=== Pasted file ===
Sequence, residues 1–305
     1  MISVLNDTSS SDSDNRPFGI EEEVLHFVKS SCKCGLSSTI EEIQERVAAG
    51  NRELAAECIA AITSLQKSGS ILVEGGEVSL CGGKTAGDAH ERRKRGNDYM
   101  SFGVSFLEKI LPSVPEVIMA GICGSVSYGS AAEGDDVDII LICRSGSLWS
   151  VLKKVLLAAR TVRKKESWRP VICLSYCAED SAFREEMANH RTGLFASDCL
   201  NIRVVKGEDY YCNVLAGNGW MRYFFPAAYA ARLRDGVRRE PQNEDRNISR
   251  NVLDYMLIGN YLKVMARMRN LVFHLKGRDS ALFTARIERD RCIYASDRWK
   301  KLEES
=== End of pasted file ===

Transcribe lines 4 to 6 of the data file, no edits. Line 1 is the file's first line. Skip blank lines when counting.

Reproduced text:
   101  SFGVSFLEKI LPSVPEVIMA GICGSVSYGS AAEGDDVDII LICRSGSLWS
   151  VLKKVLLAAR TVRKKESWRP VICLSYCAED SAFREEMANH RTGLFASDCL
   201  NIRVVKGEDY YCNVLAGNGW MRYFFPAAYA ARLRDGVRRE PQNEDRNISR